It turns out 'big brother' is watching you after all.

NJ Turnpike
Flickr user Dougtone

A new American Civil Liberties Union report finds a rapidly growing network of police cameras is capturing, storing and sharing data on license plates, making it possible to stitch together people's movements whether they are stuck in a commute, making tracks to the beach or involved in some kind of criminal activity.

Authorities say collecting data in this way gives them a better opportunity to catch crooks and stop would-be terrorists, but not everybody is comfortable with it.

"This type of snooping and data-keeping on innocent people is often portrayed as a way to fight off a possible dangerous event or terrorist event, but I think it does threaten the rights of some individuals, and sadly the people who speak up against these things are viewed as not being cooperative," says Rutgers sociology professor Dr. Deborah Carr.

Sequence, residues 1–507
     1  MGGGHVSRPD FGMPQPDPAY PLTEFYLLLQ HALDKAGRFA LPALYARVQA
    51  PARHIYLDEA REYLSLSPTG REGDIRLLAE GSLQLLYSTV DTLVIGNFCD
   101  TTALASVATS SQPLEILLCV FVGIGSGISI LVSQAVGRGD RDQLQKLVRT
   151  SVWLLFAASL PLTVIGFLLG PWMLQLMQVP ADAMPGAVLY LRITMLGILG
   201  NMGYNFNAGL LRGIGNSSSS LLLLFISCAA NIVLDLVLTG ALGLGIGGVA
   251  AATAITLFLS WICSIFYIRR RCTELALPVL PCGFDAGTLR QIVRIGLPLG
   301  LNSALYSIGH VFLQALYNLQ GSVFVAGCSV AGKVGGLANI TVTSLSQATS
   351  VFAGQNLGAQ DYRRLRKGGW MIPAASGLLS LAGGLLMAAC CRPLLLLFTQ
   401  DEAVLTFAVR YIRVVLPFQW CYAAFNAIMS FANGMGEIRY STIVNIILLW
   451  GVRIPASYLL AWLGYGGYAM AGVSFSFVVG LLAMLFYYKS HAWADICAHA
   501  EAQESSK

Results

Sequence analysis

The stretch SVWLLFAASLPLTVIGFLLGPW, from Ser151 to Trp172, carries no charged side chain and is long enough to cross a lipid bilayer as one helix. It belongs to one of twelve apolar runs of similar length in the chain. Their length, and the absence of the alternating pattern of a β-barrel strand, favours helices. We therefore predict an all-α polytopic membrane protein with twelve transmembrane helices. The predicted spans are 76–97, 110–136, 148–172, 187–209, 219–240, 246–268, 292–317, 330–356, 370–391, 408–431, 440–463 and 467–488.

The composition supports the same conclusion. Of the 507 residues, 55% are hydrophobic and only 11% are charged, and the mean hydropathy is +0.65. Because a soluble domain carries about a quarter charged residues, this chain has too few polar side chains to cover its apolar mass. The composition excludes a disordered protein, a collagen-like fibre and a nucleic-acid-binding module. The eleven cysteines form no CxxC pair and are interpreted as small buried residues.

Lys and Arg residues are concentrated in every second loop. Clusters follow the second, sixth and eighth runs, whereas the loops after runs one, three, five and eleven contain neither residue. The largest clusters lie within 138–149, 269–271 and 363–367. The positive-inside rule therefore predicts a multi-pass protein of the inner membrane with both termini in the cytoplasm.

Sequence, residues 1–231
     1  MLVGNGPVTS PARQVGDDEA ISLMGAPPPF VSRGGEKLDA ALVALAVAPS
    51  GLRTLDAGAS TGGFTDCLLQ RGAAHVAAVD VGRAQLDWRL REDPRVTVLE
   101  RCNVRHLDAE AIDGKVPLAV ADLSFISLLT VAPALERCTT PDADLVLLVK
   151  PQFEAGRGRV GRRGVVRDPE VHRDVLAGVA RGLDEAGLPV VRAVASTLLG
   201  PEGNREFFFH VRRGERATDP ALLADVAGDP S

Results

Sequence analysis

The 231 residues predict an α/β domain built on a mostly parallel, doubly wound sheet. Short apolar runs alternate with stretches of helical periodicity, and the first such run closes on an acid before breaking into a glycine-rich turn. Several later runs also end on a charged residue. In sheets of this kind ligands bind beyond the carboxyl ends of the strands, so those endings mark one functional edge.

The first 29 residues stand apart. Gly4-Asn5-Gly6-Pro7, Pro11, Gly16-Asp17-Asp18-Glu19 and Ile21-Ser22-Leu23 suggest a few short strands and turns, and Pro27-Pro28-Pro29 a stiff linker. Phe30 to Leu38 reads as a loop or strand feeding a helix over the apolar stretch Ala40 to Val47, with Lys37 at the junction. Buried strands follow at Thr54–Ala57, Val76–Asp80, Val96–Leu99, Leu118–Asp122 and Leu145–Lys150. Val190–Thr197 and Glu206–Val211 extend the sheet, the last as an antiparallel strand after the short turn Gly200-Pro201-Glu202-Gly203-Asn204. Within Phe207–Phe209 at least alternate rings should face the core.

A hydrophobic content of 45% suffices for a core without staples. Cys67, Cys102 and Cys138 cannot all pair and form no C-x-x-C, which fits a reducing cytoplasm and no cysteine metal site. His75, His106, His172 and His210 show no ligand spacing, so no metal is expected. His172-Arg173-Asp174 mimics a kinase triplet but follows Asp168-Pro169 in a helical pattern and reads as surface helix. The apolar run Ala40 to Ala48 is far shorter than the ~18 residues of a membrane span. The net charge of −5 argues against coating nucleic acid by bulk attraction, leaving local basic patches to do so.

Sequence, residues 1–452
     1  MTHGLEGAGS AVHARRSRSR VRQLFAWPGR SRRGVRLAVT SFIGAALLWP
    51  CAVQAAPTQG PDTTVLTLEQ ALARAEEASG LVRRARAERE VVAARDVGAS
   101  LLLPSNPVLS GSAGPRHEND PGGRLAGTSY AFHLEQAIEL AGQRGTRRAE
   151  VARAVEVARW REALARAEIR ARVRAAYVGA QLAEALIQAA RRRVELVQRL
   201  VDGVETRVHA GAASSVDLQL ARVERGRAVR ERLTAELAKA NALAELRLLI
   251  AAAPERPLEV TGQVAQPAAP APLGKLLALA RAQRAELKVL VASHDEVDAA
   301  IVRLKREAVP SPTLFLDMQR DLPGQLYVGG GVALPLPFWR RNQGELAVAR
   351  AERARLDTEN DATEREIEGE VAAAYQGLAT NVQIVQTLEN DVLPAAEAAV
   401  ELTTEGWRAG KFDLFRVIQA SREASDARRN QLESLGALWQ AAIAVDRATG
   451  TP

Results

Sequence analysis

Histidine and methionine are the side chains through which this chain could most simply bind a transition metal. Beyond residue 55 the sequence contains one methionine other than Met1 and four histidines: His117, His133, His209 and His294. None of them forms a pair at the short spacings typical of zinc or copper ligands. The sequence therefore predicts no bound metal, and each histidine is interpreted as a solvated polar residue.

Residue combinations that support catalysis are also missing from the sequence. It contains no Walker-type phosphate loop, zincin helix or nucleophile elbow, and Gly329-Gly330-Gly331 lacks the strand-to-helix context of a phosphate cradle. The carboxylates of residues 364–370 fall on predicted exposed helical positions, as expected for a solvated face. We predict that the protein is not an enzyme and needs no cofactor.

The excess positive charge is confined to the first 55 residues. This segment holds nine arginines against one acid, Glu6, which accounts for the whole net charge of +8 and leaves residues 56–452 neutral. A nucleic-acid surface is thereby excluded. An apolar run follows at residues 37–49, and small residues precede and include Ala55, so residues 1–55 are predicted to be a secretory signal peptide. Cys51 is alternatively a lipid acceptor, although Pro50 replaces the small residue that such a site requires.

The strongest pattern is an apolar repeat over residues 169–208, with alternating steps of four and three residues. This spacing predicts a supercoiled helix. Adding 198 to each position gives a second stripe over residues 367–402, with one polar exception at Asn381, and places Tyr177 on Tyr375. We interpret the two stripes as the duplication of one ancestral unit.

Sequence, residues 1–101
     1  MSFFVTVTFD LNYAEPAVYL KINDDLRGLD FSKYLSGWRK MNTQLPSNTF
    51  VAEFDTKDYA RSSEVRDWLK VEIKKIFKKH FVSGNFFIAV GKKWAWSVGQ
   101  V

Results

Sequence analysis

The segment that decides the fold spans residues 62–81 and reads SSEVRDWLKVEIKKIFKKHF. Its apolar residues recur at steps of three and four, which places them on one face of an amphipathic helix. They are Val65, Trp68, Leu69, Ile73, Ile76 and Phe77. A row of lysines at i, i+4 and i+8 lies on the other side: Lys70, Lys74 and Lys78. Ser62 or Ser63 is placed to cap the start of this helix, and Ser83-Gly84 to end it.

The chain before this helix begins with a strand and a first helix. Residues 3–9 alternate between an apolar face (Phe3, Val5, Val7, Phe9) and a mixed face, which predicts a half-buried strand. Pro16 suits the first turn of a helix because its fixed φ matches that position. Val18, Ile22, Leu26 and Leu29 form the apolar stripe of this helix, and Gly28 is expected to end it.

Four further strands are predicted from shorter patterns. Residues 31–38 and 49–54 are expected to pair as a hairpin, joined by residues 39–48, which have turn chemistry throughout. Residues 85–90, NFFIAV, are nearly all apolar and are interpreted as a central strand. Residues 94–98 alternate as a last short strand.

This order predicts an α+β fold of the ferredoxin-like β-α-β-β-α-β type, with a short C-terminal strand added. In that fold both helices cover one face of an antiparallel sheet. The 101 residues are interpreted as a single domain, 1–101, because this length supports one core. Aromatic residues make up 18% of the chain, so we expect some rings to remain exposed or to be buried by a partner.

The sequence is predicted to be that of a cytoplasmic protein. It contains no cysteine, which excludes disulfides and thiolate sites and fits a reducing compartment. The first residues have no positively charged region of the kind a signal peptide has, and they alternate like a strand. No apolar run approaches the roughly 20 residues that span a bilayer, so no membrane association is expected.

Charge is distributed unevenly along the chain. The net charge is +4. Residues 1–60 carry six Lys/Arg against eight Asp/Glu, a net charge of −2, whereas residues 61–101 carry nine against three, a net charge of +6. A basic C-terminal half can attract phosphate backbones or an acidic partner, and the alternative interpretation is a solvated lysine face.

She says being under constant surveillance, "Is a feeling that is at odds with the ethos of being an American because in many ways we're promised a life of anonymity and confidentiality, but that's turning out to not be the case."

"It's an issue of our civil liberties being kind of railroaded over," she says. "I think there's this issue of people not knowing- that's the problem - there's no ability to give informed consent."

Dr. Carr points out holding on to this kind of data for months and years can open up a Pandora's box of possible problems, including false reports and information that could be used to falsely imprison a person, so it's very important for authorities to explain why keeping this data is important.

"On the one hand, we do need to preserve safety and be aware of terrorist threats," she says, "yet at the same time we need to balance that out with individual rights."

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